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Sverre Kvernmo
Sverre Kvernmo stunned the gaming world recently when he and upwards of seven cohorts seemingly spontaneously resigned from ION Storm, where he had been working on Daikatana for over a year and a half.  Sverre, however, is no stranger to change: years ago, he would have never expected to be working under contract for id Software.  Before working with Romero and crew, not counting a brief stint with Xatrix making Redneck Rampage, Sverre was a prominent Doomer, creating numerous levels for id's Doom 2 add-on product "The Master Levels," as well as three for the much-revered Doom megawad Eternal Doom.
Doomworld: What was your first Doom experience?
Sverre: Hmm, that was back in the spring of 94. I was still a loyal Amiga user (hey, it was huge in Europe!) and was calling all my friends who were turning to the PC traitors. One particularily traitorous friend called me one day and told me he'd got a new game that was absolutely unbelievable. I'd seen Wolfenstein, so when he told me it was the same guys that made this Doom game I was more than a little interested. To make that long story short I later saw that game and it pretty much took my breath away. My first battle-memory is me in e1m1 (Ultra Violence), strafing back and forth like a moron trying to take out the two Shotgun-dudes up on the balcony in the first room. I thought the faster I moved the harder it would be for them to hit me... heh.
How long did it take you to start making levels?
That same friend who introduced me to Doom told me there was such a thing as an editor for it. Now, I figured I knew a thing or two about editing games already. Ever since Lode Runner my favourite games had always been the kind that that allowed you to somehow modify them. If there wasn't an editor for the games my hacker friend would sometimes throw one together. The games I had previously "edited" were Lode Runner, Boulder Dash, Spelunker, Racing Destruction Kit, Wizards of "Something", Graphic Adventure Creator, Dungeon Master and a couple of other I don't remember the names of. If those titles don't look familiar its because you didn't have a C=64/Amiga. :) 
Anyways, my friend told me there was an editor for Doom. I flat out didn't believe him at first, since in my experience the more complex games' never allowed you to change much of the original content, much less allow you to create whole new levels. Since Doom was the most complex game I had laid my eyes on I could not conceive of the fact there was an editor that gave you "full access" to it. I figured I'd be able to change the location of items, monsters, etc. Big deal. After getting my hands on a buggy beta of "DoomED, The Real Thing" (nope, I didn't start with DEU) I had to concede. I instantly threw my old Amiga out, and put in an order for a Dx-2 66.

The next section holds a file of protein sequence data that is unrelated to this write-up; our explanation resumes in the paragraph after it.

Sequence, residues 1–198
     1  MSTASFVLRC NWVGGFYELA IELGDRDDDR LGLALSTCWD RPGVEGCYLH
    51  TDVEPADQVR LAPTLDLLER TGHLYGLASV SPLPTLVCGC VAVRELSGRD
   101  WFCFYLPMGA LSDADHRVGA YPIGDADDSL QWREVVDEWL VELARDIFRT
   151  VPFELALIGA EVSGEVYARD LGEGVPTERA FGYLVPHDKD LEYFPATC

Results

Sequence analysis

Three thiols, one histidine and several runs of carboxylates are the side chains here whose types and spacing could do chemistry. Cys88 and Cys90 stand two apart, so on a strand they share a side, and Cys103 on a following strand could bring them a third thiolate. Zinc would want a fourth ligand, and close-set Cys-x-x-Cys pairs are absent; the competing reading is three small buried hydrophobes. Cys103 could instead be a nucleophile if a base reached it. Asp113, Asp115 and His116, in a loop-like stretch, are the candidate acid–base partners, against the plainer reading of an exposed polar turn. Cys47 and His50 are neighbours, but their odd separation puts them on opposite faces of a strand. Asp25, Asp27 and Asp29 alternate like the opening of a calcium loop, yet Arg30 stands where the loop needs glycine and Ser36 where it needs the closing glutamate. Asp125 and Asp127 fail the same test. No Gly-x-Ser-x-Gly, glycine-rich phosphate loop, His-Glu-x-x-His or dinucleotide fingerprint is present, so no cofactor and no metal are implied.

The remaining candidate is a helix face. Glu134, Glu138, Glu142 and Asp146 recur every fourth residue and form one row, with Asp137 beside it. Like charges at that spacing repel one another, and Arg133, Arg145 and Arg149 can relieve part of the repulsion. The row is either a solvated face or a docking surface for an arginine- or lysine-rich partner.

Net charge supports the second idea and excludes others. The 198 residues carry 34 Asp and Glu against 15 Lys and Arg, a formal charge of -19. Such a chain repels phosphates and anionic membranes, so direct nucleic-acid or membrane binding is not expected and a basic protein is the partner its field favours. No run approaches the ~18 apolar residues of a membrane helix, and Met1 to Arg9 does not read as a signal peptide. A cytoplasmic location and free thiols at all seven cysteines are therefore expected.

Here's a bit of info that is kinda funny (to me anyways). I only had the Shareware version of Doom at first, which doesn't allow for add-on maps. While waiting for the full version to arrive I couldn't contain myself, so I started drawing out maps in the editor, having no idea what they'd really look like in the game. By the time I got the full version of Doom I had a humongous level ready to go. Of course, it wouldn't compile, being a huge mess of overlaping lines and sectors. I did manage to salvage one part of that level, which is the initial room of barrels & curving staircase of "Cabal5, Temple of Death". It took me two days to figure out how to align the texture on that secret door! That area will awlays be special to me. <sniff>
Is it true that you actually turned in a Doom level of your university campus for a project?
Eh, yes. I was spending all my free time in DEU by this point, so that was the only way I was going to be able to hand in any project that semester.  :)
I suppose you deleted that WAD long ago...?
I haven't seen them (2 levels) in years, but I think it is on a hard-disk that got screwed up about 2 years back. I've been wanting to try and restore that HD since it has a lot of old Doom & other maps I started but never finished... (including an Eternal map with an effect I believe hasn't been done before, called "Starscraper"...) Problem is it'll cost me a four-figured number to have it repaired and I'm not in the Ferrari-league of game-people... :/
Your name is mentioned on the splash screen for DETH.  What did you do to help with this level editor?
Anthony Burden and I got in touch after I asked for a couple of changes to DETH, and he kept me on as a sort of "beta-tester with whistles". Basically I got to ask for any feature I wanted and he got to implement them. I don't remember all the suggestions of mine that went in, but one was the "Doom Map view" which shows you what the level is going to look like in Doom's auto-map. That caame in handy for maps like "Cabal7, The Face of Evil". We later found out that he drove by my house every day to work(!). We didn't even know we were on the same continent until that happened. Obviously he started coming by, mainly to see how I used the editor and we even started on a Hexen project together where he did the scripting and I the level editing. Although I made a few maps for it it never got released/completed.
How were you selected for the Master Levels?
I bugged id until they realised the only way they were going to get any work done was by hiring me.
Could you be a little more specific in what exactly happened?  :P
Actually its a really long story that probably would make this interview completely unreadable. I did give Henrik Larsen over at The Master Levels FAQ the whole story, so if you wanna know, check it out over there...
How many levels did you create for consideration?
I already had about six levels or so that were complete, but not on the net (therefore valid for consideration). I handed in a total of 12 maps, from which five were selected.
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